I’m not taking the capitalist tack that says all time has to be productive, self-improvement time, and one only has to read a Romantic novel to realize that people actually probably were not more productive in “olden days.” (I wonder how much time a Jane Austen heroine spent staring at the wall?) Instead of judging or feeling shame, (both feelings that society unfortunately encourages,) I want to practice weening myself off behaviors that don’t make me feel like my best self and hope that others feel inspired to make similar changes for their health and the health of their communities.
In order to kick off this process, I did what I do best, and what I do to make most of my decisions: I made a chart.
I titled the page:
“Be more productive. Overcome winter blues. Get moving.”
The chart’s four cardinal directions pointed to:
- Have to do
- Want to do
- Do less of
- Do more of
I brainstormed for about 25 minutes and then wrote a list of the immediate tasks I needed to do within the next week in order to make these “productivity hacks” reality (excuse the jargon.)
I wasn’t sure what was going to come out of the exercise, but when I looked at the page, I was surprised to see that most of my “negative” behaviors revolved around a few, distinct categories. In making the chart, I saw that “worrying about the opinion of others” came up 4 times, “relying too much on technology” came up 5 times, and “drinking less frequently” came up 2 times. (My 26 year old hangovers are much worse than my 21 year old hangovers!)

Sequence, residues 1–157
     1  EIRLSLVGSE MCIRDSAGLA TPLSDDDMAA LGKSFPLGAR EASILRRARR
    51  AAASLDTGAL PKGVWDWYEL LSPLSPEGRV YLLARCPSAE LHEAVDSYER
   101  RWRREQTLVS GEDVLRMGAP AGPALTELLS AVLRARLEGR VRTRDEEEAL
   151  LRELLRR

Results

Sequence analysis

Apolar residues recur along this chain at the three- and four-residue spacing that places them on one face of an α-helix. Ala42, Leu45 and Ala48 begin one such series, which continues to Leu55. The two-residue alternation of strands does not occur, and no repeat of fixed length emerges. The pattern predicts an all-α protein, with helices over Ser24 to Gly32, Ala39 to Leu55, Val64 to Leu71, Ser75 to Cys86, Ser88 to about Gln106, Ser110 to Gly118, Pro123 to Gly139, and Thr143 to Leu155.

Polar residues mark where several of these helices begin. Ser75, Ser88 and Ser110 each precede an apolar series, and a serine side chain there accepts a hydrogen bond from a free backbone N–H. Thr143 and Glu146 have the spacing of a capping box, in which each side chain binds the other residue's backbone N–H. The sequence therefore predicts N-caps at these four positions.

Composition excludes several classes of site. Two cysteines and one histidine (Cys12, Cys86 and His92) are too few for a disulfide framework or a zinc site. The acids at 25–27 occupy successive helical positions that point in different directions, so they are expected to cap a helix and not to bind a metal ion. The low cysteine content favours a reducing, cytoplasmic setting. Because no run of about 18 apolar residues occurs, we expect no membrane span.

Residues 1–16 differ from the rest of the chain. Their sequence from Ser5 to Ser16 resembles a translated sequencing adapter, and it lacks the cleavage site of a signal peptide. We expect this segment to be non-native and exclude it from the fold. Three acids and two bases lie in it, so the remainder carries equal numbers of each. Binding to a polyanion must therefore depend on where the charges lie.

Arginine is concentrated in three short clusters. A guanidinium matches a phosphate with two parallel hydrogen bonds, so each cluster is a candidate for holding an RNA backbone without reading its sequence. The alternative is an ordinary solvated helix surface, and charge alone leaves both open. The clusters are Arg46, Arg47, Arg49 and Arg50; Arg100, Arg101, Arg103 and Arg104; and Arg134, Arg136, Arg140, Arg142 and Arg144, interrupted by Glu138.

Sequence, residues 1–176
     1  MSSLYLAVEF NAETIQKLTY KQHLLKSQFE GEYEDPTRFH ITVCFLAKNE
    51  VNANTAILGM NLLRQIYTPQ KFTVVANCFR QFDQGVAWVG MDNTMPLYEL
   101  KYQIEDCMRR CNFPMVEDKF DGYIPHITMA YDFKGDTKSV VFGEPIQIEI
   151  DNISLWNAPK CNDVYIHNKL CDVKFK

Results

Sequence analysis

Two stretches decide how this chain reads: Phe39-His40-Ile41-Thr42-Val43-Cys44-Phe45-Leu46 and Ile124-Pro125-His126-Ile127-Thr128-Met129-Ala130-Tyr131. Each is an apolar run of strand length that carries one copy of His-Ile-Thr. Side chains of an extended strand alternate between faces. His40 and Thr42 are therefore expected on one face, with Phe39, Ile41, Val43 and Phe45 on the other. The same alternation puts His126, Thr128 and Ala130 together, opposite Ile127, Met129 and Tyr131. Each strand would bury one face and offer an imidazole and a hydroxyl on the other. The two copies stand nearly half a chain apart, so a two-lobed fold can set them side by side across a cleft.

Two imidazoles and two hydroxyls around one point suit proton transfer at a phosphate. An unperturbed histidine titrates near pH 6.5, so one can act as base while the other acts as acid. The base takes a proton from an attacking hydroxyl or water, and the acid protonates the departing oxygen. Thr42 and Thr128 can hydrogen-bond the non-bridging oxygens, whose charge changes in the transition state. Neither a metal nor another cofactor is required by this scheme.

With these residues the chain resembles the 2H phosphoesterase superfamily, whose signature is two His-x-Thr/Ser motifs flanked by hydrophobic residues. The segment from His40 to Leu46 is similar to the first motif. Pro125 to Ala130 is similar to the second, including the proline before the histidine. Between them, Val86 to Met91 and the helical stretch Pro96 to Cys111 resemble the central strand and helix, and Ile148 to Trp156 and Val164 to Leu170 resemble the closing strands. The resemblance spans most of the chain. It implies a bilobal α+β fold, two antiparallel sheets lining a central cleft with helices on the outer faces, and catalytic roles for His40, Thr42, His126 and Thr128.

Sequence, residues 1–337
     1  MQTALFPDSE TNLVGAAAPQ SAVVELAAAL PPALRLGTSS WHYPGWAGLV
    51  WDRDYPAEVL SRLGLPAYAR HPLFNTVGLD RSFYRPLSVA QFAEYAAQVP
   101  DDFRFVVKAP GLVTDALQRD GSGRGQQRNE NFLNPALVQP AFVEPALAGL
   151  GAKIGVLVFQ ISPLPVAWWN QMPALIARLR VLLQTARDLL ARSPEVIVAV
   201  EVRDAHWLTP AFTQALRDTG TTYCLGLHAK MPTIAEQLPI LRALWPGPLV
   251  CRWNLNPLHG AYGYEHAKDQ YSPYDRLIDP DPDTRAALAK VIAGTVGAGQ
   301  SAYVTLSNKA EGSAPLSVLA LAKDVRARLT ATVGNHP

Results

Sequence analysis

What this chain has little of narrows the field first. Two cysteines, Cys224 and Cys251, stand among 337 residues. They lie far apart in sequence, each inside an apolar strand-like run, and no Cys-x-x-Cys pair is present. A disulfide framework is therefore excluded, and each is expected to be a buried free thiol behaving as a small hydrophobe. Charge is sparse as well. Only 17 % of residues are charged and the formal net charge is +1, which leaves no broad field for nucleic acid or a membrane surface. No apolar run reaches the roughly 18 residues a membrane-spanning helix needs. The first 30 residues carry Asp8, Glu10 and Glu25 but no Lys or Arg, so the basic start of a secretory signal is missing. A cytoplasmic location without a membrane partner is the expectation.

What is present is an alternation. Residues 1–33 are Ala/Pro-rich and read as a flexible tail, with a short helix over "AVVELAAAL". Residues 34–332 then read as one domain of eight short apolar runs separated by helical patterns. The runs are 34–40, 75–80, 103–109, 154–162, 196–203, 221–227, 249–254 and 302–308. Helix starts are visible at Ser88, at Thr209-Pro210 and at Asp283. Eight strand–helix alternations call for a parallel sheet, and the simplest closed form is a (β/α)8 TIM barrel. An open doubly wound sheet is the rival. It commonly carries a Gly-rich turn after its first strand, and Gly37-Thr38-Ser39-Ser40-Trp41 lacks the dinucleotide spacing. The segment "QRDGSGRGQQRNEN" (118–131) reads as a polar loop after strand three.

In contrast, doing creative work like playing music, dancing, and writing came up 7 times and giving back to my community came up 4 times on my “positive” behavior list. Being kinder to my environment, both in terms of resources and social awareness also came up frequently.
I am going to use the weeks leading up to my 27th birthday to take some steps towards doing my best work and realizing my unique talents through this exercise and others encouraged by productivity experts. I am also going to use this month to research improving productivity and share out my findings on this blog.
It’s time to focus on my creative and nurturing self and feel more alive in my body this spring. Winter has been hard on all of us Bostonians, but in adapting my behaviors to fit my goals, I am taking the first steps toward a daily practice to be my best self.